The wider world too may have something to learn from traditional understandings of nature and human beings and the interactions between them. Various spiritual and ecological and economic crises afflicting the so-called “modern” world indicate that in a very real sense, the need for so-called “traditional” systems of knowledge may be at least as much as the traditional societies’ need for modern knowledge. Perhaps modern industrial societies need to re-discover or at least re-evaluate some of the wisdom traditions which restrained the older societies in their use of natural resources, and which governed their relations with other human beings.

    There is also much in the traditional societies that need to be abandoned if they are to join the modern world. But the decision to do so is not for modern, urban folk to make. And the process of abandonment is not guaranteed to be painless, as we in modern urban societies surely realize as we are forced to change the ways in which we live to avoid catastrophe in the future.

  8. Sunny Says:

    The view that “traditional” societies were static is as much an illusion as the view that “modern” societies are creative. All societies are passive and active in different ways. The only way as Gautam says is through dialogue, not hurried but digested in rythms of the multiple actors involved. Nehru under advice of Verrier Elwyn wanted to leave tribal societies in their natural form in the North East. But how does one stop immigration without military intervention, how does one convince Nepalis looking for jobs, Bangladeshis looking for land to cultivate,Biharis for daily labour , Bengalis for government jobs and young among tribal societies looking to create their own modern independent enclaves.The point is that world does not give us the time to move at our own speeds.
    The large tank and water irrigation systems in South India needed cross village collaboration provided by local kings. If we were to imagine a bottom up system based on needs, by making or growing locally then moving outwards for needs like food security during famine, watershed planning, salt or clothing we need trade. Trade is as ancient as human society. If modern technology for health, satellite weather forecasting are few of the “amrit” of modern innovation one would need higher levels of cooperation beyond the control of one small community.
    With the financial meltdown people everywhere have been forced to think what are “real” needs and what creates “real” value.We live in times where the whole concept of what constitutes “progress” and “development” is open to question.The discussion we are having here is going to become mainstream soon. Wait for the “real” fireworks then.

  9. Ramsubbu Says:

    Very educative, this topic and the responses flowing in. Many dimensions are emerging. Let me add my bit!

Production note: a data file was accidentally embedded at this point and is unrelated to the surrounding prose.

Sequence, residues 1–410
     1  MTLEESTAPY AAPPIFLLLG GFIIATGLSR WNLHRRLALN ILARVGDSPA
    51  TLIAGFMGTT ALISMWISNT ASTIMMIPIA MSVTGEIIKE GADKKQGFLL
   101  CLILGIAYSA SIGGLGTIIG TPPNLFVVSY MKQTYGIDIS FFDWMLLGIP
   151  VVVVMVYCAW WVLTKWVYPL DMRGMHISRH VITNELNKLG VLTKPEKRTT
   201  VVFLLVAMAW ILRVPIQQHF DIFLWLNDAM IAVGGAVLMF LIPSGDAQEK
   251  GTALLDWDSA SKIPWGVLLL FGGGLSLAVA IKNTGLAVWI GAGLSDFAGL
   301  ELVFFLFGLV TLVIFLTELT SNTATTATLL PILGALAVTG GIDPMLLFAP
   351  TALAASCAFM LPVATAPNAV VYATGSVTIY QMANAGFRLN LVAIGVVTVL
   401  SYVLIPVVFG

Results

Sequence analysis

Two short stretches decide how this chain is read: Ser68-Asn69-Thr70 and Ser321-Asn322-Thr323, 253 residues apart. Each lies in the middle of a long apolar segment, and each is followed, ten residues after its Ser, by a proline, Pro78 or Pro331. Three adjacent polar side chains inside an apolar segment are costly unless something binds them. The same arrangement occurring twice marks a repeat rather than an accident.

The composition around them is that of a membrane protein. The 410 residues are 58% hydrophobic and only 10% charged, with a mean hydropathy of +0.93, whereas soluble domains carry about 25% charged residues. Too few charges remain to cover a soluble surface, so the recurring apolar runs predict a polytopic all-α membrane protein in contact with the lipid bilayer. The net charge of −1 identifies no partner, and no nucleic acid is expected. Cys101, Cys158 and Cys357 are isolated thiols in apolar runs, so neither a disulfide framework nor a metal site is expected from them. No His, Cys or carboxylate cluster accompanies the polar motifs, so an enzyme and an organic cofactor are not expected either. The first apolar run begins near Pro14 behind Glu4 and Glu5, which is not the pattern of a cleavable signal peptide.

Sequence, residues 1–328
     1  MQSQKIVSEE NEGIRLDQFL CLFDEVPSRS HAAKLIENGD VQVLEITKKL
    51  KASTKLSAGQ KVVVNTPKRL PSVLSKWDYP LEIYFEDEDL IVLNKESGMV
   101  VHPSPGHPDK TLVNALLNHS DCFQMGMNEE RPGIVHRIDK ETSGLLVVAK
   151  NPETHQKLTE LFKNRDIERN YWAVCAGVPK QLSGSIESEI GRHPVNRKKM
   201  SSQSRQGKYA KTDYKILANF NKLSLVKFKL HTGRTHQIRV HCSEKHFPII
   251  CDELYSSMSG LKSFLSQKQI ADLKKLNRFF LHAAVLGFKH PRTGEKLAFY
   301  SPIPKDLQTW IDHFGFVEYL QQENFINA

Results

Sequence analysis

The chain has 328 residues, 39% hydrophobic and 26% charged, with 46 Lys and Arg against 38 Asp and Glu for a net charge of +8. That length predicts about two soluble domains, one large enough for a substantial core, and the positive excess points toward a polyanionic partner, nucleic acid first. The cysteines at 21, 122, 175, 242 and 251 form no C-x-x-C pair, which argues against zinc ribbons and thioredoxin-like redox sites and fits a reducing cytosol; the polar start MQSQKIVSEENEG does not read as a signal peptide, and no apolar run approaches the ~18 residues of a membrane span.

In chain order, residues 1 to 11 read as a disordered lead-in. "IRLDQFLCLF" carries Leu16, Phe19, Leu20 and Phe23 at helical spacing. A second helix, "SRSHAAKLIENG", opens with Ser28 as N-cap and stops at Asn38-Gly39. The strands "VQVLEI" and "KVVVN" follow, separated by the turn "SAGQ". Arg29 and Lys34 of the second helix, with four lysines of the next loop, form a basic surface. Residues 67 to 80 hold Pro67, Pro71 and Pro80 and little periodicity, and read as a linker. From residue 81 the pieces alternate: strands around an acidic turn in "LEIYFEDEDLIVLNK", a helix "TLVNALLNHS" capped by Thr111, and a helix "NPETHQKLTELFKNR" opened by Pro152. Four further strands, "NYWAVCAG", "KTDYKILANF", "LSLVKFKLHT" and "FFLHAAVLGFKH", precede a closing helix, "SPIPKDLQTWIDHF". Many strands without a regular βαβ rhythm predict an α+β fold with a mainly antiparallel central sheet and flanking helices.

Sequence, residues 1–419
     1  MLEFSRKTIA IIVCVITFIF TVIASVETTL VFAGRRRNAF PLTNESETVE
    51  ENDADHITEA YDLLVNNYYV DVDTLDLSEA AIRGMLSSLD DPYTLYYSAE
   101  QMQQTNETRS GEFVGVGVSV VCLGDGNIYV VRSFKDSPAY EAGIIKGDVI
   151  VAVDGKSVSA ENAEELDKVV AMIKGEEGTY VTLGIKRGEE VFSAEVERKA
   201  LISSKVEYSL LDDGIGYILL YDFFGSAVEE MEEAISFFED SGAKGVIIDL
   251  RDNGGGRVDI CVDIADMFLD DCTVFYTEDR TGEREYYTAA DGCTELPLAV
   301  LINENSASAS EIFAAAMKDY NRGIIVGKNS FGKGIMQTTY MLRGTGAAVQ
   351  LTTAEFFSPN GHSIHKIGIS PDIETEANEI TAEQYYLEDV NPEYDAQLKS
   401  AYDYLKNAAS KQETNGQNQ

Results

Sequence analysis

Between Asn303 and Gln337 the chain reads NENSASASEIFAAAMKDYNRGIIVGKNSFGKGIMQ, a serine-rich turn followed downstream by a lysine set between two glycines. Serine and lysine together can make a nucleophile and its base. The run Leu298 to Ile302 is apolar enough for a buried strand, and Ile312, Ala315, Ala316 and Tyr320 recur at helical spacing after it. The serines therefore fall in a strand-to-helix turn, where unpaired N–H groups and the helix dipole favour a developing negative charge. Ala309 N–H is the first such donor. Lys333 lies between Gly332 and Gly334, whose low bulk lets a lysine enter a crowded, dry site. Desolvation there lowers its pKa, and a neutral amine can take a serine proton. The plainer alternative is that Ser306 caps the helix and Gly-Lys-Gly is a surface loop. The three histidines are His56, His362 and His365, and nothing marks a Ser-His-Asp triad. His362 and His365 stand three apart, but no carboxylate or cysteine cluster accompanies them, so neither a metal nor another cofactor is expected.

I would keep the “intellectual bit” out for a while and ask these questions first:
    1. A resource centre doesn’t end with a laptop and internet. Does it? Or does it require these at all to begin with?
    2. As a service centre: how many book train tickets in a month? Land transactions and certificates – probability of actually getting these done thru net is very bleak ( e-governance is still a joke.). What will be the language of these services? Tamil? Who will translate?
    3. Income generation: Reaching out to external markets before village sustainence will accelerate the class differences and doomed to be a disaster. Who will do the policing?
    4. Information: Villagers can know selling price of commodities – a popular argument for ICTs. selling price at which location? Can you get the selling price at Salem? Who from Salem will do this?
    5. Education: wonderful sites like ocw.mit.edu are there. But are they relevant to village student? language is a big problem here again. I dont know of many informative pages in Tamil. ( there is one called http://pm.tamil.net/pmfinish.html , a collection of Sangam literature and some recent books). On the other hand, internet can be quite useful to the teachers of the local schools. Will the teachers take that extra effort?
    6. Indigenous knowledge: Who will do this data collection? Who will verify? Let us not fool ourselves that traditional knowledge is always good. And who will use it?
    Finally, YOU are a resource centre already available there. Has anyone been using it from the village 🙂

  10. Peter Says:

    I’ve got no idea what to think about all this. On the one hand no culture can be static or else it would rot. Things have to move as people learn from the experiences of their lives. And I can’t help but want to share the technology that I enjoy.

    But the idea of a culture that only needs matches and salt once every six months is very appealing because I feel that even the cheese sandwich I had today has been put together, packaged, delivered and sold through a chain so complicated I can’t actually even begin to comprehend it. And don’t have enough time to try.

    I tried to teach my Grandad about the internet. But he has no use for it. I have already spent a larger proportion of my life watching skate boarding dogs on You Tube than I would have ever anticipated.

    I say to hell with the laptops. And I say it from my living room in rainy England to Sunder and Sonati in India through my wireless broadband connection that I set up with the help of a bloke in Bangalore down the phone.

  11. Sunny Says:

    Actually Ramsubbu is right on all points. If there is a village that can meet most of its needs locally for all its occupations and no one there desires the need to be connected to the outer world,and no one from the outer world desires to travel or trade with it (or occupy it as coal lies under its fields,or waters flood it because of a dam).It also needs no health inputs as no one really falls that sick.It also does not need electricity and canal water. If it is so naturally and culturally endowed and most of its denizens are Buddha like, its best to leave that heaven alone!

  12. Jayawanth, Bangalore Says:

    Dear Sunder,
    You are doing wonderful and relevant work. I had met you at Navadarshanam a few years back. I am also from IIT-B.
    India is a victim of British rule which wiped out most of the civilization and wisdom that had survived many onslaughts form outside due to heavy economic and ecological exploitation. For the skeptics, read Dharampal’s works (www.otherindiabookstore.com) and R C Dutts Eco. History of India (1901) and Roots of Underdevelopment, Kedia and Sinha. Most people would not have heard of these authors due to our ‘advanced’ western education.
    Laptops etc can arrive later if they are relevant. Non-interference from Govt. and politicians in our villages will go a long way in letting villagers decide and act based on their priorities.
    – Jayawanth